Top speed: 287 mph
First flight: 28 July 1935
Introduction: April 1938
Retired: 1968 (Brazilian Air Force)
The Boeing B-17 Flying Fortress, a four-engine heavy bomber, was built in response to a competition put forth by the U.S. Army Air Corps (USAAC) in August 1934. USAAC wanted a more modern, multi-engine bomber to replace the Martin B-10 (the first mass-produced bomber used by the army). The proposal for a coastal-defense plane was to meet the following specifications: a range of at least 1,020 miles (2,000 miles desired); a speed of 200 to 250 mph; and a -useful bombload- of 2,000lbs. The winner of the competition would win a contract to build more planes for the war effort. Boeing did not win the contract because the prototype crashed.
Despite the crash, spirits were not crushed: Boeing's plane had otherwise outperformed the competitors and impressed the air corps so much that they ordered 13 plans anyway. The nickname "Flying Fortress" was coined by Seattle Times reporter Richard Smith because of the plane's many machine gun mounts. The name was quickly adopted and trademarked by Boeing.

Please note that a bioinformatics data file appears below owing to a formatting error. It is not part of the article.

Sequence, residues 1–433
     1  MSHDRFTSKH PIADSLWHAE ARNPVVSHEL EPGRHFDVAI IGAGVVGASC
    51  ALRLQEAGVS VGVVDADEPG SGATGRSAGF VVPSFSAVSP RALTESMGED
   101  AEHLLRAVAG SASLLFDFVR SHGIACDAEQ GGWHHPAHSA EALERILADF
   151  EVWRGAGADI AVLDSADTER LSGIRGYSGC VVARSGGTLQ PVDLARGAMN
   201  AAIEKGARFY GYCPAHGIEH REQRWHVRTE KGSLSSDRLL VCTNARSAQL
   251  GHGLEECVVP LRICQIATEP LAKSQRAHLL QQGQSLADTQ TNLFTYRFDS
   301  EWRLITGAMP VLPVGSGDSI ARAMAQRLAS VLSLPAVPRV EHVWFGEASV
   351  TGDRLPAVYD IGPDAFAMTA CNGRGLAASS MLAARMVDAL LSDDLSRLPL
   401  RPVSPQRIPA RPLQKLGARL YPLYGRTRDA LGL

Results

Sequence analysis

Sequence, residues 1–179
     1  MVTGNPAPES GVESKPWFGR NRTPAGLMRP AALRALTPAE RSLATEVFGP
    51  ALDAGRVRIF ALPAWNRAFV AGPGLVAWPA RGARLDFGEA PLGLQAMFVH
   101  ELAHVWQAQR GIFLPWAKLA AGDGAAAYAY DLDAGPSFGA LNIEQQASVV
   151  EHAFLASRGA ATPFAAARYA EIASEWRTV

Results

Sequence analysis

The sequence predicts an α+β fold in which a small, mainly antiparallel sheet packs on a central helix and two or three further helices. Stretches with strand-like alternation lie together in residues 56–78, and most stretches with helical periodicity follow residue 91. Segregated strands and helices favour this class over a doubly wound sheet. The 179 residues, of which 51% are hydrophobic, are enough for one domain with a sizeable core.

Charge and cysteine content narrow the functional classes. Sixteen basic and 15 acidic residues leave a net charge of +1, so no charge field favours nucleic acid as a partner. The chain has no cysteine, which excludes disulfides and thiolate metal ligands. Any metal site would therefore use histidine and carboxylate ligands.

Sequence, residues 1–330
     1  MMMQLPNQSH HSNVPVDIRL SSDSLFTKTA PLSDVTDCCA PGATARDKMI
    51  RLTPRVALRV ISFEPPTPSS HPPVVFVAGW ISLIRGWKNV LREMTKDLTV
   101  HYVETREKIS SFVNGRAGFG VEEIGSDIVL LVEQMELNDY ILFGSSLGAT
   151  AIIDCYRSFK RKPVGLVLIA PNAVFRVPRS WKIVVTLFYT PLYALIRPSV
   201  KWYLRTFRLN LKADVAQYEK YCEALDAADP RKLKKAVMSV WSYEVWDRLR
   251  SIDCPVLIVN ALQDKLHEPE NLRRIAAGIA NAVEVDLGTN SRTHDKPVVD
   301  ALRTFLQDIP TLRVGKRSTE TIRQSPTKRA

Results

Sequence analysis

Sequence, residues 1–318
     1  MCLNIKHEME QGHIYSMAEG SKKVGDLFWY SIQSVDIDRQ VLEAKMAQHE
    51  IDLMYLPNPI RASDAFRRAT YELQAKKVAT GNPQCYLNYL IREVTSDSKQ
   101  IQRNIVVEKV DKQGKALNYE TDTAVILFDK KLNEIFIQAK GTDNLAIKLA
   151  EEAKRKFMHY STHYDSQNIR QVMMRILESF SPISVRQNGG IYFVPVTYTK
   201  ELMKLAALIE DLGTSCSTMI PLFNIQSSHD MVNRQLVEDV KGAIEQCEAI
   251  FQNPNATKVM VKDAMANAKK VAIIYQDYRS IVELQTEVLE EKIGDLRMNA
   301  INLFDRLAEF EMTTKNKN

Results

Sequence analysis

The B-17 was used primarily by the United States Army Air Forces (USAAF) in the strategic bombing efforts during World War II. Throughout its service life, the Flying Fortress became quite a legend of herculean proportions: this high-flying, mean fighting machine was able to defend itself and return home from battle, despite extensive damage (most of the time). But like the great Greek hero Achilles, you win some, you only need to lose once.
Spotlight: "Wee Willie"
Arguably the most famous B-17 was dubbed Wee Willie. This Flying Fortress lefts its base at Air Force Station 121 (RAF Bassingbourne, Cambridgeshire, England) on 8 April 1945. Unfortunately, unlike many of its mythic-like counterparts, this Wee Willie never made it all the way home. The B-17 was hit by antiaircraft gunfire, causing massive damage to the plane. Wee Willie was one of two bombers lost from the 91st Bomb Group. Wee Willie was the oldest B-17 aircraft still in service with the 91st Bomb Group and the next to last B-17 lost to enemy action before the wart came to an end May 8, 1945.